A deep link ratio is one thing e-commerce sites seem to have the biggest edge over other verticals, such as financial services or health care. A site with most inbound links pointed to the home page will typically rank well for a more limited number of phrases.
Sites with strong links pointed to pages deep within categories can perform well across more keyword "baskets." That's especially true if the content and internal linking is unique, and structured in such a manner to support the categories and sub-categories, as discussed.
One thing not mentioned in the technical section was a trend to use inconsistent directory structure. We saw this even from one primary category to another. This makes it more difficult to create "mini sites" within a domain, in order to focus on multiple categories.
Although some sites had as much as 80 percent of their total inbound links pointed to the home page, others had an exact reverse ratio. It's frustrating as an SEO to see that those sites with between 70 and 80 percent deep link ratios had rampant duplicate content and unclear hierarchy, so a lot of the strength of the links was being lost.
Links come and go. News links, blogs that shut down, and other temporary links still carry value. These links can essentially "replace" each other when new ones are discovered as others die.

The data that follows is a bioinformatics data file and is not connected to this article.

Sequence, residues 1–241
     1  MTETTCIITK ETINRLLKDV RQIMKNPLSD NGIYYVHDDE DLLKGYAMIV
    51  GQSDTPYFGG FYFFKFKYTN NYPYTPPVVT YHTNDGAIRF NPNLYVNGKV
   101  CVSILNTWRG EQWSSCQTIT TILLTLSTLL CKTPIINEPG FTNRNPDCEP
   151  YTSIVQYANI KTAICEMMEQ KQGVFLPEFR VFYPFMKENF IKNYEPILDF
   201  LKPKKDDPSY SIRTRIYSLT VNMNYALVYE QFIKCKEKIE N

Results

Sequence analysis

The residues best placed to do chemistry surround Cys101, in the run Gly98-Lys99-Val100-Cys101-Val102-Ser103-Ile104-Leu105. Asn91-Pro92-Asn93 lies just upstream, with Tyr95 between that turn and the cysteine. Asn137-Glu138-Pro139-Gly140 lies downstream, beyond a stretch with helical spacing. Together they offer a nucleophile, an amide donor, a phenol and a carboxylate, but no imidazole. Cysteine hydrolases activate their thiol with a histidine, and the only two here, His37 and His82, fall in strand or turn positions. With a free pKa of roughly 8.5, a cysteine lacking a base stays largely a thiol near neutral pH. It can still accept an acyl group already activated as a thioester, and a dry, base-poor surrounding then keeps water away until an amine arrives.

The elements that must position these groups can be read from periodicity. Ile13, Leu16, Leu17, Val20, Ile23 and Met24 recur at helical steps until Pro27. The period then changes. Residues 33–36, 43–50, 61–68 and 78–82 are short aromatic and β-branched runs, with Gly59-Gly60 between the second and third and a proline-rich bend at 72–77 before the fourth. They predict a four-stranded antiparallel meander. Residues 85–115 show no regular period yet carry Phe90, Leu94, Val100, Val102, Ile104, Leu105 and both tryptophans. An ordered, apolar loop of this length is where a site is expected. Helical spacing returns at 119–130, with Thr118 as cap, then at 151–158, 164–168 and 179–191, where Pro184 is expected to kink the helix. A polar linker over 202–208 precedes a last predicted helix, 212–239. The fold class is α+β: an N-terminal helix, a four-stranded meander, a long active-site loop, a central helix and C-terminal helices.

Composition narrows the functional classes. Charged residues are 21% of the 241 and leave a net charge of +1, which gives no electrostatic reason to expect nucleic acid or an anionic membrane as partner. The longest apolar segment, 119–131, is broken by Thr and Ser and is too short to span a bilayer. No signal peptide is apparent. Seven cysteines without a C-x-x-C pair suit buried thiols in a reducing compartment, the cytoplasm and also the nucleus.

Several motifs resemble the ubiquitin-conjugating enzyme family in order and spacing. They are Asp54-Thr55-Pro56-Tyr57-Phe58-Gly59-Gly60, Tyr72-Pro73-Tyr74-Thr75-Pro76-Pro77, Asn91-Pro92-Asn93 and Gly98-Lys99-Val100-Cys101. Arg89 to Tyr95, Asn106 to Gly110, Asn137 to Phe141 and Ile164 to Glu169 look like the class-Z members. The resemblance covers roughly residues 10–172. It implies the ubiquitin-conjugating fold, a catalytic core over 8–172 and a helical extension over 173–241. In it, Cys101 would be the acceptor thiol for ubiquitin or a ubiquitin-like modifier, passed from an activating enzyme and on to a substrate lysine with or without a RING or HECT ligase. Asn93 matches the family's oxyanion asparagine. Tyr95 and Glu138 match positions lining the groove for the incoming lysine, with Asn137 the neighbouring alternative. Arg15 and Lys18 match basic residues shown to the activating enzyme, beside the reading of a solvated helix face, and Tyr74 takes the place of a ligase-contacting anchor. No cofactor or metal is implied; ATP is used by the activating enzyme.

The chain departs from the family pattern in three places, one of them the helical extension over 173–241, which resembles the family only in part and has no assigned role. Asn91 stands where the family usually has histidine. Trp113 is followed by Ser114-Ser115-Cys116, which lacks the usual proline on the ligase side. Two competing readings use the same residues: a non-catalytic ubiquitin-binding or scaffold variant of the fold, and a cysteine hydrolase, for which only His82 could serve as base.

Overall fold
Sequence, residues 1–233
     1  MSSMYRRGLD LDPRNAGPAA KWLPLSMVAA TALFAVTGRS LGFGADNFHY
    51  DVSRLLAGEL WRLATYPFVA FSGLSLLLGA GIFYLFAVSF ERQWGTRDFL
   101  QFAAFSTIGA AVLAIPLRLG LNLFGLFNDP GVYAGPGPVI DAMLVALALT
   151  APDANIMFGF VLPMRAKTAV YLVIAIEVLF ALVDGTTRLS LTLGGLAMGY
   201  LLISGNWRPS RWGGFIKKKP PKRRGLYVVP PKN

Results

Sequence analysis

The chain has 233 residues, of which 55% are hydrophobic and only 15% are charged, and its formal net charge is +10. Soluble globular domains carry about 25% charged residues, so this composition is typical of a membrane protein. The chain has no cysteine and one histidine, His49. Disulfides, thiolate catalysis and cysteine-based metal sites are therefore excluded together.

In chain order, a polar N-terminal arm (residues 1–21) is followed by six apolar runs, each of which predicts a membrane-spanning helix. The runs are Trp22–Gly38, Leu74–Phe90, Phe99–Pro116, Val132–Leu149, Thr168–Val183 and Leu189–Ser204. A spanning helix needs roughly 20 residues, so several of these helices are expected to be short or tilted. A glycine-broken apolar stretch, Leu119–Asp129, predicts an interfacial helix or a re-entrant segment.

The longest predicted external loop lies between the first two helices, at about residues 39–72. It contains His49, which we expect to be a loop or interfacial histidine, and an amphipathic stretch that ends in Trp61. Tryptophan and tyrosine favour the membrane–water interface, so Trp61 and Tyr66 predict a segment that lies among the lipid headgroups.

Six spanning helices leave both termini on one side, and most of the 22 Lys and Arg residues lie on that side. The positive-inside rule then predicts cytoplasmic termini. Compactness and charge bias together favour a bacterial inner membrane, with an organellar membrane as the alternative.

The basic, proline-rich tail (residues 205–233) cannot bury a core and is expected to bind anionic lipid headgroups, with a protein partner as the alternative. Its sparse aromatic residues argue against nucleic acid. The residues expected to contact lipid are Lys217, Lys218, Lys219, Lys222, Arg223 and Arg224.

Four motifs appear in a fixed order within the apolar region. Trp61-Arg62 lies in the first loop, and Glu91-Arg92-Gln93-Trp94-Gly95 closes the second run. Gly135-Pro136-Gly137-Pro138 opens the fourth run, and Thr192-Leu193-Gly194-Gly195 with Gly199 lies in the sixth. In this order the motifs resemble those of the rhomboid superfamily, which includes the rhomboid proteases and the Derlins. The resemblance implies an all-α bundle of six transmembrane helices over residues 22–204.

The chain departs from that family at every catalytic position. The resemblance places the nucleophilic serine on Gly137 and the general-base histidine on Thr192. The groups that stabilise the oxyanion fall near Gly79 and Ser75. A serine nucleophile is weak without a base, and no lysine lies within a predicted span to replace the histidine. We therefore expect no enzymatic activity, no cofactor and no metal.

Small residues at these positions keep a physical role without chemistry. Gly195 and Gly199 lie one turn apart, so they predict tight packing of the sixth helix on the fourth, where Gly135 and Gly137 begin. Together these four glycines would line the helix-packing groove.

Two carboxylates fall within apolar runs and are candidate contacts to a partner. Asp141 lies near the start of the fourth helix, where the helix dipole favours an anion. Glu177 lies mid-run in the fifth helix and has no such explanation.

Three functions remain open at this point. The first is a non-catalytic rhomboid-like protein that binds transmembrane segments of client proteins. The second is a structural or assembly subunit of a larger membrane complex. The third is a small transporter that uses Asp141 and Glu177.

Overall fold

However, if a site goes through redesign after redesign, the difference in the URLs can make it harder to reassign the strength for the particular subject, because there's no consistency and "past trust" from the URL. Thus, from a link perspective, the greatest help to these sites would probably be technically related: establishing clear hierarchies and remaining consistent across categories will allow deep links to consistently support both branded and non-branded searches.
Frank Watson Fires Back
Great insights, Chris. The ranking for product pages is always something I look for when doing e-commerce SEO. Making slight changes to those pages can help improve conversions in a very direct way -- not really an SEO step, but an essential page sculpting method.
Too often, we push for the categories and forget the value of the smaller pages. Just like long tail terms in PPC, these pages as an aggregate often garner more conversions than the category and subcategory pages.
They still have to get to the product pages -- sometimes the ability to choose from a category page will provide options that help close the sale. But you can always offer options of other things from the individual products like Amazon does.
We definitely should look beyond the obvious. Sometimes great conversions hide in the bushes.